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Californias Amber Alert celebrates seven years of success
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It has been nearly seven years since California implemented its own statewide Amber Alert system. In that time, the system has helped recover 179 abducted children.
Created by a bill that I authored in 2002, and named after 9-year-old Amber Hagerman who was abducted and murdered in Texas, California’s Amber Alert program gives California Highway Patrol the authority and responsibility to coordinate the Amber Alert system with Caltrans and TV and radio broadcasters.
It works like this: Local law enforcement agencies contact the CHP, which decides if the call meets the criteria for issuing an alert. If so, the CHP contacts the National Weather Service, which then broadcasts the message on all radio and television stations that have agreed to interrupt their regular programs. Furthermore, Caltrans activates its Changeable Message Signs. The alert asks the public to keep an eye out for the suspect, vehicle or victim.
(As a side note: California was the first state to use Changeable Message Signs along freeways to notify drivers to be on the lookout for suspect and victims).
The first California Amber Alert was activated just one day after it became state law on Aug. 1, 2002.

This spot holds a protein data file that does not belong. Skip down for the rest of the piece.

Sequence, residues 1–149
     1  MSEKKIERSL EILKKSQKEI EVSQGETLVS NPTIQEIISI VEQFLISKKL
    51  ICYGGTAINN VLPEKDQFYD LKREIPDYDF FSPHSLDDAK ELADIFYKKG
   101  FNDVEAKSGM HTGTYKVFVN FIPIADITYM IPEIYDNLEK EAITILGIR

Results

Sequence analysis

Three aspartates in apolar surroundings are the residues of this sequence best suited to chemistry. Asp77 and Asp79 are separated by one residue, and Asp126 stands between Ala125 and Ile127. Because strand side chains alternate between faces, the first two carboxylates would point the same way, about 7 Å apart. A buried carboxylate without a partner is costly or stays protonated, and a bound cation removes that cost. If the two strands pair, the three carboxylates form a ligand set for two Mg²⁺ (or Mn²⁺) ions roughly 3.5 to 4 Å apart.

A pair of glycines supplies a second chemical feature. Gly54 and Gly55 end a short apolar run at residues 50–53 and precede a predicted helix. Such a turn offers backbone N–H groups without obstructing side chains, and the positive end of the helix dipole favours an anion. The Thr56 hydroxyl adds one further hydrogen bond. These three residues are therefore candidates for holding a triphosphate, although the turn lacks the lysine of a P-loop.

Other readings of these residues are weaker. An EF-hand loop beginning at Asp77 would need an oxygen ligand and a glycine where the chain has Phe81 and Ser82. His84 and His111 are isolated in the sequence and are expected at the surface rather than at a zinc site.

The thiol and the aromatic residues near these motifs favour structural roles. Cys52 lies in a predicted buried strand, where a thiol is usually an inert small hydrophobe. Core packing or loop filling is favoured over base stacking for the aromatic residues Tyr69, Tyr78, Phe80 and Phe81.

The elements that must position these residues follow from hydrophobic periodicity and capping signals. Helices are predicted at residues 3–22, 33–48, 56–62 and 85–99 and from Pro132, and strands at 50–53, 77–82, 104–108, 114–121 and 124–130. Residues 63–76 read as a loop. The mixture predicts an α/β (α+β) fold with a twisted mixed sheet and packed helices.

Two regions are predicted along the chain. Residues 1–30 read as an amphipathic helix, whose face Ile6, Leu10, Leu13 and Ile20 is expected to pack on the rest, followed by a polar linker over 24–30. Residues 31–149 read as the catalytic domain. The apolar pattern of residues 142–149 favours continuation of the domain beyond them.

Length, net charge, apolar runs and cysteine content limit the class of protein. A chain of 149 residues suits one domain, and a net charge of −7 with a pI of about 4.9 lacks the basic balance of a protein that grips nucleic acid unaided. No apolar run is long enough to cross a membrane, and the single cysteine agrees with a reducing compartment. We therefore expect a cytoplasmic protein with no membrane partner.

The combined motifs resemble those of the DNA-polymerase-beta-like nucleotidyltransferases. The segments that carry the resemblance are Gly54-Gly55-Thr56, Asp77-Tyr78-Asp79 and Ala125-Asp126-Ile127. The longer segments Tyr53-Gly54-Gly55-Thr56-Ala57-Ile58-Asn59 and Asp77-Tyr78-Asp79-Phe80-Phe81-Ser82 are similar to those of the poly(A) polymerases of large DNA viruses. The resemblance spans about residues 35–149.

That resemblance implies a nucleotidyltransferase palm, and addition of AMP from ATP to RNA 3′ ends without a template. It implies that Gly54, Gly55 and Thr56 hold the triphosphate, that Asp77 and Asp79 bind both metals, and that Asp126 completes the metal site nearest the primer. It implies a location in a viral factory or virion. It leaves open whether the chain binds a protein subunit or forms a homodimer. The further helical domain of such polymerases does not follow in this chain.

It was a CalTrans employee who helped solve the first Amber Alert case, which involved a man driving a Bronco with two abducted teenage girls.
While flagging traffic on Kern Highway 178 at the mile 82.2 post, Milton Walters saw the reported Bronco slowly drive by.
Walters, who didn’t have a pen handy, scratched the number on his metal lunch box with his keys and called the Kern County Sheriff and CHP, which led to a shoot-out with the suspect (who died) and the rescue of the two victims.
This incident solidified my belief in Amber Alert and gave further proof that the system is a powerful tool for curbing kidnappings and saving lives.
Coincidentally, this first Amber Alert occurred in the Antelope Valley — my hometown. While I found that interesting, I was overjoyed that two girls were saved and reunited with their families.
California has always had the infrastructure in place to make Amber Alert work. It was the coordinated efforts and the coming together of different agencies and the public that has made the program a success.
Californians should be proud of their Amber Alert program.
— George Runner represents California’s 17th Senate District, which includes the High Deserts of Los Angeles and San Bernardino Counties, Santa Clarita, and portions of San Fernando Valley and Ventura County.